So what if school officials deceive reporters about whether they are going to hand out big raises? Who cares if a bureaucrat skirts a few laws to provide more trash pickups — or if open meetings and open records laws are violated? Why whine all the time about what seems to be frivolous and unfocused government spending?
It’s a question almost identical to one this paper’s Ol’ Editor tried to answer 25 years ago this week in this very space. It’s not that being flippantly cantankerous runs in the Ol’ Editor’s family. It was no skin off his nose — or mine — what a superintendent gets paid, how many times trash gets picked up, or whether government has its act together and follows the law.
Rather, it comes with the job. Newspapers have a duty to afflict the comfortable and comfort the afflicted. Throughout this paper, we try our best to handle both those duties in equal measure.
Whether my cat launches into attack mode, threatening the stability of every piece of furniture in the house when a locust flies through an open patio door and into a floor lamp, buzzing all the way to its frying death, is something I can’t do anything about.
Actions taken by government should never be something any of us feels we can’t do anything about.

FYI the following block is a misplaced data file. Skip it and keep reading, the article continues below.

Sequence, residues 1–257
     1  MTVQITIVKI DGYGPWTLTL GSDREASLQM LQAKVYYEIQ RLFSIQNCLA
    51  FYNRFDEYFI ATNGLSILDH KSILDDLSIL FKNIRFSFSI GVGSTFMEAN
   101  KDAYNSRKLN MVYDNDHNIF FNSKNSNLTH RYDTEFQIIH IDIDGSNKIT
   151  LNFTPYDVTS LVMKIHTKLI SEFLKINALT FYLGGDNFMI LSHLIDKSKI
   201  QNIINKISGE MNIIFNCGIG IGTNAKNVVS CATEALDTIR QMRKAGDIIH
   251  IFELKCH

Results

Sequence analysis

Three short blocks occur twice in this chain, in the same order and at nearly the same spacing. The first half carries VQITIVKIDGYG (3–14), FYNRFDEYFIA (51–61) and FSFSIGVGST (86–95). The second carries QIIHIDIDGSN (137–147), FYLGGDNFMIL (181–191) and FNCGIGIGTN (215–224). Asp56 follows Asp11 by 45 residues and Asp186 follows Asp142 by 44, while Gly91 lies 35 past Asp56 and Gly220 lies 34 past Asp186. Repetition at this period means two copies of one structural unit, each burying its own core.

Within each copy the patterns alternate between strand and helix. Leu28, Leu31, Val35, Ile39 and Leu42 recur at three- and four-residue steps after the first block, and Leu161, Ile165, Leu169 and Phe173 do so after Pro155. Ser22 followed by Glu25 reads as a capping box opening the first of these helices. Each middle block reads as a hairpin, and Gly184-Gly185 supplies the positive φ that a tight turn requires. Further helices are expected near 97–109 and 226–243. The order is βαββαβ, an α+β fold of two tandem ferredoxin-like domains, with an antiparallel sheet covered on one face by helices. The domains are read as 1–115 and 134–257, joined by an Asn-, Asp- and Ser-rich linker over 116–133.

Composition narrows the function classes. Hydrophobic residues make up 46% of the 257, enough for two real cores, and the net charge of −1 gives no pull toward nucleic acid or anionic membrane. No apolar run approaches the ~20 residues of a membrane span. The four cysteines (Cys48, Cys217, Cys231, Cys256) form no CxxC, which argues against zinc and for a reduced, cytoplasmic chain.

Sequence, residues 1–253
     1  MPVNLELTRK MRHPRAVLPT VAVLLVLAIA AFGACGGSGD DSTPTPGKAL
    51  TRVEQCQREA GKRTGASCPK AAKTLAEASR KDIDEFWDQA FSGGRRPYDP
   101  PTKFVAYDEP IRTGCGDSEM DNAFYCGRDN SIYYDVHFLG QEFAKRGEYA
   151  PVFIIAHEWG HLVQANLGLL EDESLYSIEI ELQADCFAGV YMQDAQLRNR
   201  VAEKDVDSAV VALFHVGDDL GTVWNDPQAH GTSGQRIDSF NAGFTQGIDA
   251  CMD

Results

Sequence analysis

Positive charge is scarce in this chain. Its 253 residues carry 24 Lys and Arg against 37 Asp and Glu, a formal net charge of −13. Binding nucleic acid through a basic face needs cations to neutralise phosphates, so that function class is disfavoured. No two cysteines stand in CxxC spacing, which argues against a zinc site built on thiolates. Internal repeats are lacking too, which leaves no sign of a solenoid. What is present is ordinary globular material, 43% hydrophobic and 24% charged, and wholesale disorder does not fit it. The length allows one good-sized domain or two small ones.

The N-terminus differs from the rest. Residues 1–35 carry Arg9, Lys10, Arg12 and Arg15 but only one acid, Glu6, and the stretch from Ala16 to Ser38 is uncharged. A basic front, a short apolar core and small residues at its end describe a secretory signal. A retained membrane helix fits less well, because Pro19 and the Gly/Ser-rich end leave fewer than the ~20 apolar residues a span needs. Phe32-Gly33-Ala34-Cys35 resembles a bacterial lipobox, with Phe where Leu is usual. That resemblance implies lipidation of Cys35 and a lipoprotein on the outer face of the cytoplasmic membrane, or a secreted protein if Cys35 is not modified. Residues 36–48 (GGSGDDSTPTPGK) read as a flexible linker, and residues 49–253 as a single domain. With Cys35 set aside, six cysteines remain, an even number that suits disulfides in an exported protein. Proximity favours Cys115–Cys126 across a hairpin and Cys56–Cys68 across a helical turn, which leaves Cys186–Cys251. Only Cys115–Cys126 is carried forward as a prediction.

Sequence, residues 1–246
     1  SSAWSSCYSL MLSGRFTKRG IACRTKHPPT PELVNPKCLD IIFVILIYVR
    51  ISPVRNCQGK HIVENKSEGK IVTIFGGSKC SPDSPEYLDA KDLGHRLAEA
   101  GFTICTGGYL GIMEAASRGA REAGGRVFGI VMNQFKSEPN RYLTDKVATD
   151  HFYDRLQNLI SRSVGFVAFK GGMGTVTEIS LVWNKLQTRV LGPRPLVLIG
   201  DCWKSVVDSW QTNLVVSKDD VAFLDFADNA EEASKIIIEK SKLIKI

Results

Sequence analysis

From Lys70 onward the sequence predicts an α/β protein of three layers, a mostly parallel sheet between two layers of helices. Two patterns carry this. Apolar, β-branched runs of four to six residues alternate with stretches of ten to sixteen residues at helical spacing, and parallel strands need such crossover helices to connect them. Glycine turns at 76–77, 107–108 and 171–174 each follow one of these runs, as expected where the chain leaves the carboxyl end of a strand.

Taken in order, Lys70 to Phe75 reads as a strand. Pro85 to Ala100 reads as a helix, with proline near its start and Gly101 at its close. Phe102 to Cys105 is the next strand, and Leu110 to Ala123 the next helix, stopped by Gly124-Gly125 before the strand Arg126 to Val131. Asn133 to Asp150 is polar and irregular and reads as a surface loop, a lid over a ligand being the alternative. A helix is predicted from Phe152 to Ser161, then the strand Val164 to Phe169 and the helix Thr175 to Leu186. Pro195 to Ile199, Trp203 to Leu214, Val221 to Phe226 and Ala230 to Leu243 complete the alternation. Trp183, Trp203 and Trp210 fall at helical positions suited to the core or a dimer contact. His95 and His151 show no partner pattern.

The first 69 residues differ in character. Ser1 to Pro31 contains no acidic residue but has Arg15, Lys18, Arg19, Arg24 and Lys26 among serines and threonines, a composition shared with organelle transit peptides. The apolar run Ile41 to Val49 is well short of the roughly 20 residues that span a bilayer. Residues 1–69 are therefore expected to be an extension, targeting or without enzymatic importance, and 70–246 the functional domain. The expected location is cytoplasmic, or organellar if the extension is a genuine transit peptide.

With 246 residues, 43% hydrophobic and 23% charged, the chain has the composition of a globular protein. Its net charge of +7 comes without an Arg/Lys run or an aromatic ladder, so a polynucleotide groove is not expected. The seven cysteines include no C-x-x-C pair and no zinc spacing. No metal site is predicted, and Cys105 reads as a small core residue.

None of this is personal. If I wanted to complain, I’d complain about having to pick up 12 spent fireworks shells from a small backyard where none were shot. But I get as much a bang out of July 4 fireworks as the next guy, and as long as no fires are started, a little neighborly cleanup isn’t too big a price to pay.
The price too big to pay would be for this newspaper to abandon its responsibility to the public to keep government on its toes. Life in Marion County is good, but it isn’t yet great. Part of the reason is that we haven’t always felt, as a community, that government answers to us, not the other way around.
If that makes me out to be mean-spirited, so be it. My cat probably didn’t like being corralled before launching herself into a floor lamp, either, but providing that service was my responsibility, too.
— ERIC MEYER